Systematic errors in weak gravitational lensing for cosmological investigations

Dr. Andres A. Plazas Malagon (host Cowsik), JPL/Caltech
September 28, 2017 at 3:00 pm
241 Compton
Event Description 

Gravitational lensing is the bending of light by any matter-energy distribution, inducing magnifications and distortions of background galaxies. As a direct consequence of general relativity, it has been identified as one the most powerful techniques to learn more about the dark matter distribution in galaxies and galaxy clusters, and on the largest scales of the universe. In turn, the study of the evolution of dark matter through cosmic history allows the placement of constraints on the dark energy that is causing the observed accelerated expansion of the universe. Both dark matter and dark energy add up to nearly 95% of the total contents of the universe, and their nature is largely unknown. Gravitational lensing is a fundamental tool in current and future projects, such as the Dark Energy Survey (DES), the Large Synoptic Survey Telescope (LSST), and NASA’s Wide Field Infrared Survey Telescope (WFIRST). However, the extraction of the gravitational lensing signal from astronomical measurements is a challenging process, and great attention must be placed on the understanding and characterization of systematic errors. In this talk I will discuss the sources of this type of errors in the regime of weak gravitational lensing (WL), and strategies to mitigate them. I will talk about the challenges of shape measurement in WL in the context of DES, LSST, and WFIRST. I will discuss the systematic errors originating from differential atmospheric refraction, and from the photon detectors used by those projects (charge-coupled devices and near-infrared detectors). I will conclude by presenting the recent cosmological results from the Dark Energy Survey year 1 data. These results pose the most stringent constraints to date on the dark energy equation of state and, for the first time, they enable a meaningful comparison between late and early universe, in particular with cosmological constraints from the Planck mission.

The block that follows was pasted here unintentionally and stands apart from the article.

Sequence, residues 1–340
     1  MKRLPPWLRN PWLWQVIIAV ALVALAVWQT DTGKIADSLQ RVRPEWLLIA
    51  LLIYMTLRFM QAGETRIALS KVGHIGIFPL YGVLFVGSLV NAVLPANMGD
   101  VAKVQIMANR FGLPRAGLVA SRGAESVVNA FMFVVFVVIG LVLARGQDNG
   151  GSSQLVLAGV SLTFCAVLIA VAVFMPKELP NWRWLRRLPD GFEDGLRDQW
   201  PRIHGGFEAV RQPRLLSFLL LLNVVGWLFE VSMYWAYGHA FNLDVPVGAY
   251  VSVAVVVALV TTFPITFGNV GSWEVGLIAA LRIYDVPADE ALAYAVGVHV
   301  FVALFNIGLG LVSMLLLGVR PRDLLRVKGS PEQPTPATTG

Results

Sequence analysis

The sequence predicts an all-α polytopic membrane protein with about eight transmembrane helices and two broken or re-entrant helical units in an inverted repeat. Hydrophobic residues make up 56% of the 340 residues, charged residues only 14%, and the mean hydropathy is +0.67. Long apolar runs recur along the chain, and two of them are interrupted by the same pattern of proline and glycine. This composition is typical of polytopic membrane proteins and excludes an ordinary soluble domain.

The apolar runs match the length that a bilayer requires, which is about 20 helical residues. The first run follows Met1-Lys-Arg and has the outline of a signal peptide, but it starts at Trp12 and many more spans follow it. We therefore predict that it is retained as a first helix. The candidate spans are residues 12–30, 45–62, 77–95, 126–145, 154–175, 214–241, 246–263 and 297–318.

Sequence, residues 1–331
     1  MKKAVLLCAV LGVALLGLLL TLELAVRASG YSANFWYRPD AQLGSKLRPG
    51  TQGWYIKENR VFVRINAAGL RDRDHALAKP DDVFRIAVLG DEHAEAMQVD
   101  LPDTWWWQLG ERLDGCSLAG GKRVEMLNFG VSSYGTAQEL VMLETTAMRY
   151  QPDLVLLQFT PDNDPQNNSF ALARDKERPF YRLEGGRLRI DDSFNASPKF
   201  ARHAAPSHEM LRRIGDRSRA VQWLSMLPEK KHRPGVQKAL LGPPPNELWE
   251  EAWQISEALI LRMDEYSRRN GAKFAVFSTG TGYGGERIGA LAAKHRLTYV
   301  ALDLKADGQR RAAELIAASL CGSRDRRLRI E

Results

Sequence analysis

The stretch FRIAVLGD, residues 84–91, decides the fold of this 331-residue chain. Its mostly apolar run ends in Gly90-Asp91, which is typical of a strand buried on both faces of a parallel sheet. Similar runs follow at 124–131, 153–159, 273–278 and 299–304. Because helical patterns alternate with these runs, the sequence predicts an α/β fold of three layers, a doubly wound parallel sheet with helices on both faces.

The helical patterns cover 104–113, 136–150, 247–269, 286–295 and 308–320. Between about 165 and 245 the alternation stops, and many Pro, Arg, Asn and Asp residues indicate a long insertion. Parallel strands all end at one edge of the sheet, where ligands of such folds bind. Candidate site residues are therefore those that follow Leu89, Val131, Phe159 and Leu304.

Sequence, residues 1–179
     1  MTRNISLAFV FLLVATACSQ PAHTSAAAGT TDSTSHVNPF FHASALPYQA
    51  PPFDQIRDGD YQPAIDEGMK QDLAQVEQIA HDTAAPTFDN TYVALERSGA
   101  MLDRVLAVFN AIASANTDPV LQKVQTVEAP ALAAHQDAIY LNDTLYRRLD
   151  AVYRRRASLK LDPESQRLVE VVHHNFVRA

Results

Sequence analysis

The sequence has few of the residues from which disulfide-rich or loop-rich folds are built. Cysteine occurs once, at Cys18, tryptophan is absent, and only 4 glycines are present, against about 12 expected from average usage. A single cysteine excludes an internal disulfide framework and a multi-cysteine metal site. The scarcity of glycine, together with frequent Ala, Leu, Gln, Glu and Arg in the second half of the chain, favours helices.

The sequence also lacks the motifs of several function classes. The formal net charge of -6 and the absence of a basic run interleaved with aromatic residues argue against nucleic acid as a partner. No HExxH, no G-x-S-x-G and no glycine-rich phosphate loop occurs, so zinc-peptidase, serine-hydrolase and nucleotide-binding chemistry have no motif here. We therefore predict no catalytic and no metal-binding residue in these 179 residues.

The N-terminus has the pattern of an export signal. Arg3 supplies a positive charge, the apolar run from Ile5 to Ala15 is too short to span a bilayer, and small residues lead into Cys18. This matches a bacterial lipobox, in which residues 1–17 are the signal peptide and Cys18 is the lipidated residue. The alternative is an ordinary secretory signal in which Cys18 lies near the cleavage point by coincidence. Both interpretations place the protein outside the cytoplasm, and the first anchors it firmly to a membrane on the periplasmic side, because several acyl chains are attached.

Coffee: 2:45 pm, 241 Compton